next up previous
Next: Simulations Up: The Model Previous: Formulation

Analysis of the Model

The model of Figure 2, expressed mathematically by equations (10)--(15), is expected to have similar properties to those of the various models associated with Figure 1 and discussed in the Simplified Global ... section. That is clear for the asymptotic solutions satisfying the equations obtained by setting the left hand sides of (10)--(15) all to zero. The main differences between this static system and the earlier equations of are:

(i) the presence of the C-layer and its feedback,

(ii) non-linearity of all neurons,

(iii) the presence of the inhibitory interneurons IN, and NRT feedback to them rather than the T-cells (as in Figure 1).

We will briefly discuss each of these features in turn.

The cortical layer can be seen as a mechanism for achieving extra input amplification, by means of the thalamus-cortex-thalamus feedback loop, as has already been discussed by La Berge and colleagues [33]. This amplification may make the competition on NRT more effective [33]. This will be borne out by simulation of our complete system. Non-trivial transforms in C will be expected to modify this result, but will not be considered here.

The non-linear functionality of neurons was already argued to be a means of increasing the sensitivity of the system in the Simplified Global ... section. We will appeal to this same argument here.

The inhibitory interneurons have been included so as to be able to implement Dale's Law properly. This is clearly satisfied in Figure 2 and equations (22)--(25). The effect of NRT activity on the IN cells will therefore be that of disinhibition, which is a mode of action used in numerous parts of the brain. Its net effect, for suitable parameter ranges of cell thresholds is similar to that of excitation of NRT activity directly on the thalamic relay cells, as observed experimentally for example by Steriade et al. [41]. In this range of parameters, then, the disinhibitory NRT-IN-T activity of Figure 2 reduces to the net excitatory NRT-T activity of Figure 1.

It would appear that the model of Figure 2 should therefore have similar properties to that of Figure 1, in particular supporting both local and global competition and being able to account for endogenous activity by addition of direct input to NRT on the R.H.S. of (11). However, there is still the crucial question of stability and more detailed input-dependence, of plane waves excited globally across the NRT.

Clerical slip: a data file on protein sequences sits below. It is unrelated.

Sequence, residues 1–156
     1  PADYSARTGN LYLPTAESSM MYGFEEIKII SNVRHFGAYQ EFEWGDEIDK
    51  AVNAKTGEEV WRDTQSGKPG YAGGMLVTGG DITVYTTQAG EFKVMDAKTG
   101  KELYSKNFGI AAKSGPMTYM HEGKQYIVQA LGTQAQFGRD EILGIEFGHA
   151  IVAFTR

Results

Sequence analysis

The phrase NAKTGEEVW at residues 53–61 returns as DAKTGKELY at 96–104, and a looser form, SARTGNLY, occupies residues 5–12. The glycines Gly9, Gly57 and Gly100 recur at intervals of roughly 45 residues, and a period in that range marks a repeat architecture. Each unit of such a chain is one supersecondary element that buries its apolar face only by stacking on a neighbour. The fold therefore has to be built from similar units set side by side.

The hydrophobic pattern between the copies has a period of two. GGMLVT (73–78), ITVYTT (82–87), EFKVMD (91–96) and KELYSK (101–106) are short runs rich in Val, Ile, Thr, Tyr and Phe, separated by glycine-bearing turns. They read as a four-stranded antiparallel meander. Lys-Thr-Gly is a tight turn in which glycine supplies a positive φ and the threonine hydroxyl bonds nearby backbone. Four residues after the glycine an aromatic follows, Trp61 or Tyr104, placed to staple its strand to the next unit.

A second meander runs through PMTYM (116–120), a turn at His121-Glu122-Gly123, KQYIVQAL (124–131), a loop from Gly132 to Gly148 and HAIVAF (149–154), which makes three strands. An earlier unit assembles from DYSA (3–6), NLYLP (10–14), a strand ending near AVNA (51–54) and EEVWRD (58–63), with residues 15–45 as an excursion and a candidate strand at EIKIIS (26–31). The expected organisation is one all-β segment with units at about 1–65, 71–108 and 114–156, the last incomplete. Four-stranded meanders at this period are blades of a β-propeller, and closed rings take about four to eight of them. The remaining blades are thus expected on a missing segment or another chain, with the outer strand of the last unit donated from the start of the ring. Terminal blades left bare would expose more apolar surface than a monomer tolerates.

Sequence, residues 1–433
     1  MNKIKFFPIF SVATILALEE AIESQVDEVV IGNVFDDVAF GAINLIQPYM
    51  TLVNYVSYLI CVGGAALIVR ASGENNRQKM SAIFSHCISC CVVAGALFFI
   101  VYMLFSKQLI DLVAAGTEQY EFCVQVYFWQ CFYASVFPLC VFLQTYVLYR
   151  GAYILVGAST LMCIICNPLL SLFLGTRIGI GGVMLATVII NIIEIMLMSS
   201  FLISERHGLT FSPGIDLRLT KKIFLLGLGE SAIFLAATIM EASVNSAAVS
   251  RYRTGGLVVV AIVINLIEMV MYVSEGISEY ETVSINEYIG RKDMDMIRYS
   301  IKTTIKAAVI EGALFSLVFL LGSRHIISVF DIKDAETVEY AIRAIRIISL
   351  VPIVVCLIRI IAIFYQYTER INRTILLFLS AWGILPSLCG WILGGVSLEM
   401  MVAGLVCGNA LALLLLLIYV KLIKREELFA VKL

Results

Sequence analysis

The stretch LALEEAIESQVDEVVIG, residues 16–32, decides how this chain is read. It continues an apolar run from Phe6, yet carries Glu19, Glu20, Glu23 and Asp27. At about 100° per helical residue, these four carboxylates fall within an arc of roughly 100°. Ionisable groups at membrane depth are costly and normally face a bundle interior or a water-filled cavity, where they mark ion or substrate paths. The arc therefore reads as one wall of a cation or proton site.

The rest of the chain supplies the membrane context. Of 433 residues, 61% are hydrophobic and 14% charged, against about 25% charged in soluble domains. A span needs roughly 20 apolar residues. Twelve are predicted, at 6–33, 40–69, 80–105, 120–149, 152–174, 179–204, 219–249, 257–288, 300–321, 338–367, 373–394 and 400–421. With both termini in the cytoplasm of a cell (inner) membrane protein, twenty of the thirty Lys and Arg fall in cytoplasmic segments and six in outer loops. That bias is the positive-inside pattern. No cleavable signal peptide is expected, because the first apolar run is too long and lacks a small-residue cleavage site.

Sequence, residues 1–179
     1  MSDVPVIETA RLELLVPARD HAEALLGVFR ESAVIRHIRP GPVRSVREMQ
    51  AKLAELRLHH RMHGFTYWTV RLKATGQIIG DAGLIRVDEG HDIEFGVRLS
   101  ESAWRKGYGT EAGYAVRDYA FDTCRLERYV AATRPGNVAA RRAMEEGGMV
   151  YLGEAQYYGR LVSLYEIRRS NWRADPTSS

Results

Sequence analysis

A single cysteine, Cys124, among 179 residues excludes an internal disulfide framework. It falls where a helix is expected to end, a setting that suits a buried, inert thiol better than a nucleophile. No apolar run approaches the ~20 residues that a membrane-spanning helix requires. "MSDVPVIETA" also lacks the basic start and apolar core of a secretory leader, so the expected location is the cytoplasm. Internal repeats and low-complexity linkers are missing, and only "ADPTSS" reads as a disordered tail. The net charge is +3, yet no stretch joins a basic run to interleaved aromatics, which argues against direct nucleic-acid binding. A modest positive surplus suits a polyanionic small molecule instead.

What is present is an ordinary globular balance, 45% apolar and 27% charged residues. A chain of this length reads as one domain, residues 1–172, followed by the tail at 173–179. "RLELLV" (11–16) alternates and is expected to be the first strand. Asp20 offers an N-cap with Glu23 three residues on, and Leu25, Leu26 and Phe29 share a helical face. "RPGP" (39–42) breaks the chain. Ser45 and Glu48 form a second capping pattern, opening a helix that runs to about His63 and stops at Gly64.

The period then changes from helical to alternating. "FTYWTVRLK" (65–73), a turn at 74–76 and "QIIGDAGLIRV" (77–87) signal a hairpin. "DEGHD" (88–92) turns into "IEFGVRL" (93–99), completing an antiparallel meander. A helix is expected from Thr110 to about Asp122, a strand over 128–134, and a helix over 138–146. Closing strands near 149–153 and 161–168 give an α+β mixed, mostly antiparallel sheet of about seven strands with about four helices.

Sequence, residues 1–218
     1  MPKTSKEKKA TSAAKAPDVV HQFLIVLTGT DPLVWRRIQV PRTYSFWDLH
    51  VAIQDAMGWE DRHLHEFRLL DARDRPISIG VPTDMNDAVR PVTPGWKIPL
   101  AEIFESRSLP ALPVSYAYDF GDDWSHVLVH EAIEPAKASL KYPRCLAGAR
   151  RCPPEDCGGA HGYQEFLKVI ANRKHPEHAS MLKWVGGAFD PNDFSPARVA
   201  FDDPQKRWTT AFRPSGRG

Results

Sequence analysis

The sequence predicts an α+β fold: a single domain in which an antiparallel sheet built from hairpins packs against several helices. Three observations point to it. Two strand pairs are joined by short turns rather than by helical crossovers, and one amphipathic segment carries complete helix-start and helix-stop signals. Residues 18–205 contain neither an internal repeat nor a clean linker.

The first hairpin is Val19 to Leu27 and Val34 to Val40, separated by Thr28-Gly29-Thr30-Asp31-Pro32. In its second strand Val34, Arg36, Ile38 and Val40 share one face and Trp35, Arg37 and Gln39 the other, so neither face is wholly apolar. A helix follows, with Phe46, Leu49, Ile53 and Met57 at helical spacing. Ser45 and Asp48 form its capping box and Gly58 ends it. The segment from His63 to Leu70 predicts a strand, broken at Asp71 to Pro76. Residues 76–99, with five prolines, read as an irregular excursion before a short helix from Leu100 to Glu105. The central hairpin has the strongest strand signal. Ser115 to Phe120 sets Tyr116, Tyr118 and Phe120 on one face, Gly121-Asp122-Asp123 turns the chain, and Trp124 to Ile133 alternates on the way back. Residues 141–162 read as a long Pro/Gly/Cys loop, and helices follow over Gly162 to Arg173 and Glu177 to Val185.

Stability can be analysed by looking at higher order terms that might arise in (15), and also consider a linearised analysis of the lateral connection term involving the connection weight on the R.H.S. of (11). The former of these gives (assuming symmetry in the x and y directions)


and the latter, for a Gaussian spread of lateral inhibition, the convolution product




with b<a. The dispersion relation for the temporal dependence of the NRT membrane potential in (11), neglecting all but the lateral connections as a first approximation (since the other terms do not play a crucial role) becomes for the Fourier mode ,




Figure 3: Dependence of the Fourier transform of the lateral NRT connection weights on the wave variable k. Initially positive, the value of becomes negative, so producing possible instability according to equation (19).

Figure 4: Dispersion relation for in wave-number space. The interval contains the wave number for which instability occurs, and spatially inhomogeneous activity is expected to arise.

Figure 5: Schematic of the ``modularised'' version of Figure 2, as used in obtaining the results of the computer simulations.

In Figure 3, the general shape of is plotted, and in Figure 4, that of . Instability arises for values of for which . This is the interval in Figure 4. As argued with clarity in Murray [38], inhomogeneous NRT activity, with wave numbers in the interval will be expected to grow. The stability of the resulting globally inhomogeneous activity depends on the more detailed non-linear system (10)--(14), and presently can only be ascertained by simulation. Results of the latter will be presented in the Simulations section; they will show the system is stable. The dependence of the winning activity on the maximum of the wave-length number being singled out by the competition on NRT will be discussed further in the Simulations section.

There is finally the non-trivial dependence on the inputs of the inhomogeneous mode winning the competition on the NRT sheet. Thus, whilst equation (19) would seem to indicate lack of dependence of this mode on the input, the full non-linear system does indeed have such a dependence. There does not seem to be much mathematical analysis of this problem in the literature, although dependence on boundary and initial conditions for reaction-diffusion models has been studied [3]. We will turn to answer this question by simulation in the Simulations section.

next up previous
Next: Simulations Up: The Model Previous: Formulation